1/26/2011

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Picks of the Past: Trillion
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Picks of the Past: Trillion
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Love in the House of Spies

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Most rock bands start small. Whether it’s due to financial necessity, or just because it’s a longstanding musical tradition, the first output from a newlyformed band is usually scaled-down. When Bruce Springsteen was originally signed to a major label, he was just a dude who performed solo with an acoustic guitar – a far cry from the big “E-Street Band” sound for which he is commonly known. Even bands who have rarely (if ever) changed their lineups over the course of many years – U2, Metallica – have certainly changed their sound, making it bigger and more ambitious than the garage music they started out playing.
Lina Brunkell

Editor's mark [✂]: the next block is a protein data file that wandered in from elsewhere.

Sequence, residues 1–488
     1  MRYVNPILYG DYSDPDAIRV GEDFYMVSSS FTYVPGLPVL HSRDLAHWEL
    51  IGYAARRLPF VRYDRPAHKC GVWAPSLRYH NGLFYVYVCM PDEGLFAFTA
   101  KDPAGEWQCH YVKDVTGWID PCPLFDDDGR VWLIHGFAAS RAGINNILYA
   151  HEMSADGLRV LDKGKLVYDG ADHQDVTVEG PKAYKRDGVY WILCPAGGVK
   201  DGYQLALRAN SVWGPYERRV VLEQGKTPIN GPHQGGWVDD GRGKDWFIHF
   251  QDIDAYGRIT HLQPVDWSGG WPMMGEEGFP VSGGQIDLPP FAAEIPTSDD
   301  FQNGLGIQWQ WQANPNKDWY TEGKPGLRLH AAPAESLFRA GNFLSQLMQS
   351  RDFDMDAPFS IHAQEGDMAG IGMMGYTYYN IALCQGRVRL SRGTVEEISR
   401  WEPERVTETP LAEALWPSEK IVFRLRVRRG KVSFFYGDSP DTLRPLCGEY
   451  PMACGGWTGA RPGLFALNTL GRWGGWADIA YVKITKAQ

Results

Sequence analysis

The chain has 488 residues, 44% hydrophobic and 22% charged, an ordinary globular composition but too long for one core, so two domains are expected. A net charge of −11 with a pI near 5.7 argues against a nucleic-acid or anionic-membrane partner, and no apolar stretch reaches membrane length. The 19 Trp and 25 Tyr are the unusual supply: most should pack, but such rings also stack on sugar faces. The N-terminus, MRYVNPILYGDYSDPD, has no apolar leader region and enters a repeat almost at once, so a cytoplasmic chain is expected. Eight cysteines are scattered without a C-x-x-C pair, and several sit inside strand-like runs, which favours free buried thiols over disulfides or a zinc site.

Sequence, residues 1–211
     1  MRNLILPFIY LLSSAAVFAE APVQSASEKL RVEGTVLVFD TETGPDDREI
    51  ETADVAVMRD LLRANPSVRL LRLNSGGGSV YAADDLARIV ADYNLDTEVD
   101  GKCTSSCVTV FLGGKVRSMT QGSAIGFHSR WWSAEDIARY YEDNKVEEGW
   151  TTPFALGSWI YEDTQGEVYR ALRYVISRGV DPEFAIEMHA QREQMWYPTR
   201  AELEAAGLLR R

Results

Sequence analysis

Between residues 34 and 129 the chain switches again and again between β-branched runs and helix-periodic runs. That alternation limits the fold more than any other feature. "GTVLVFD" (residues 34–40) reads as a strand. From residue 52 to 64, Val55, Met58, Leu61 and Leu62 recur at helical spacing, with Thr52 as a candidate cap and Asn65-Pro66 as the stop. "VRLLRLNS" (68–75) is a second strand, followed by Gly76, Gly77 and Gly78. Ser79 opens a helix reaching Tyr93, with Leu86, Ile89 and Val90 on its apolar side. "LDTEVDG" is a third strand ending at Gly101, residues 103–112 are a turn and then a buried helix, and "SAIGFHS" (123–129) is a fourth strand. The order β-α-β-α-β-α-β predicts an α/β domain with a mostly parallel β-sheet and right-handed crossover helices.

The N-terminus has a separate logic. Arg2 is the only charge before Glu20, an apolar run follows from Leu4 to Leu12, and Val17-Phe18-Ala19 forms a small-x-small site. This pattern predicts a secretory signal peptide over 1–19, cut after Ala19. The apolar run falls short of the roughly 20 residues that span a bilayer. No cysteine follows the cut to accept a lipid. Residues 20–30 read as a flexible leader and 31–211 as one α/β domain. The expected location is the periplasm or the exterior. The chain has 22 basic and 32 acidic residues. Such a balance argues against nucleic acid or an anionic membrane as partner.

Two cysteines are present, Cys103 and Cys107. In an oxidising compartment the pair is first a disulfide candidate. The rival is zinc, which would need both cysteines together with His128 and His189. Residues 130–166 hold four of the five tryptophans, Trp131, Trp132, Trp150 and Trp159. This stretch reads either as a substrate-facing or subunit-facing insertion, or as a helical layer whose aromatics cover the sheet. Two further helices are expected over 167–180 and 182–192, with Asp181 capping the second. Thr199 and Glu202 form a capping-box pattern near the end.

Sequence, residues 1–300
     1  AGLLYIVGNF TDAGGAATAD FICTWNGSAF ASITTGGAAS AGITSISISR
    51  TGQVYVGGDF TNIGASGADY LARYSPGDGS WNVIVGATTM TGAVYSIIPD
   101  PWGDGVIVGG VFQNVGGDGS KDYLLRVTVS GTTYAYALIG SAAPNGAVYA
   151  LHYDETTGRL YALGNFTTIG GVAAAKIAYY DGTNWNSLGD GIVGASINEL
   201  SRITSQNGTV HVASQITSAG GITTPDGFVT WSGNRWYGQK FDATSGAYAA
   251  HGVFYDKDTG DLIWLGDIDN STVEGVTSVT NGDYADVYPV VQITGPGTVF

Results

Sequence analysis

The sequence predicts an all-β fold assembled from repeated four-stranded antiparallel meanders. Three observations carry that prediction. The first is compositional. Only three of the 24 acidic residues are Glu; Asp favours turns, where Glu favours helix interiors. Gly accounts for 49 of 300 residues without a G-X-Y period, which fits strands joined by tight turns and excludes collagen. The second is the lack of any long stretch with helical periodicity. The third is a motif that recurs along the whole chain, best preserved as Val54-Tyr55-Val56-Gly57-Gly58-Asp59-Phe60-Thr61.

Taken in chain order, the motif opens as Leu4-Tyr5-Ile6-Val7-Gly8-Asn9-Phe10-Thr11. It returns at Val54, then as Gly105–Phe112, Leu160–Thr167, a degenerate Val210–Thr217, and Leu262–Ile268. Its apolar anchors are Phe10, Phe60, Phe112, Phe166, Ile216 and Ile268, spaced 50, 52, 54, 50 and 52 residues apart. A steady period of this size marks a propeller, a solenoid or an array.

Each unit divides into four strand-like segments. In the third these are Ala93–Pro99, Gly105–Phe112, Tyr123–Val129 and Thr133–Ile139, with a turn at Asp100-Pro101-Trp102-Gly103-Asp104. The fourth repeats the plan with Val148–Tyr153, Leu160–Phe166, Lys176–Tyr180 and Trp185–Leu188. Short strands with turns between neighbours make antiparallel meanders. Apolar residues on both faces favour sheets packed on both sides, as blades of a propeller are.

And then there’s Trillion: a brand new band whose debut CD has such a big, polished sound, one might assume that it was massaged to loving perfection by a veteran arranger like Paul Buckmaster or Steve Bartek. But in fact, the self-titled album was put together by three people you’ve never heard of. The voice of Trillion is Swedish newcomer Lina Brunkell; songwriting and guitars are provided by Ross Golan (who may or may not be the Ross Golan of Molehead, in which case maybe you have heard of him); and keyboards and production are handled by Brian Langsbard. The ensemble aims for a sound that is like an Alternative Rock James Bond film score. The results place Trillion somewhere on a plain inhabited by Garbage and Supreme Beings of Leisure, but on a slightly edgier tangent. Speaking of which, I was about to go off on a very long tangent about Garbage, but I think I’ll reserve that for the blog. Suffice it to say that I’ve been a bit disappointed with Garbage over the years, because they haven’t quite lived up to their pedigree. However, I have not yet heard their new album as of this writing, so maybe I’ll come around. The fact that a brand-new band like Trillion could even be compared to a musical stalwart like Garbage says something about Trillion’s ambitiousness. Likening the music of Trillion to a movie score is not far-fetched either, since Brian Langsbard actually is an experienced composer and arranger of movie scores. Other bands have been influenced by 60’s-era action-adventure movie scores (one of my favorite such bands being Snake River Conspiracy), but not quite to the extent that Trillion have. It helps that modern movies like the “Austin Powers” series have led to a revival of that style in popular culture, so that even kids who have never seen a Matt Helm movie can identify with the sound. But whereas “Austin Powers” used kooky, Henry Mancini-type themes, Trillion aims for a less ironic sound, more akin to a John Barry score. For those of you who are not film-score geeks, this simply means that Trillion members are taking their influences seriously, not goofing on them. All that being said, there are plenty of things that keep Trillion from falling into the “retro band” category: Most notably, the performance of vocalist Lina Brunkell. With Brunkell, Trillion have gone for a singer with more modern sensibilities. Although she handles the old-school material with aplomb,